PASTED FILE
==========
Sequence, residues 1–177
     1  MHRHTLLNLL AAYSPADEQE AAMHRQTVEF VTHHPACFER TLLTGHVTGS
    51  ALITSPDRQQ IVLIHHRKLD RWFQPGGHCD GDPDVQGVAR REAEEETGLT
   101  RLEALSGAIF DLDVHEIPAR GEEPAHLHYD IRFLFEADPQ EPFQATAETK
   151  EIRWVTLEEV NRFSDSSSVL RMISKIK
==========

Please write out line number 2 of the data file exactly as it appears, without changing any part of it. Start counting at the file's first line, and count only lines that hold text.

     1  MHRHTLLNLL AAYSPADEQE AAMHRQTVEF VTHHPACFER TLLTGHVTGS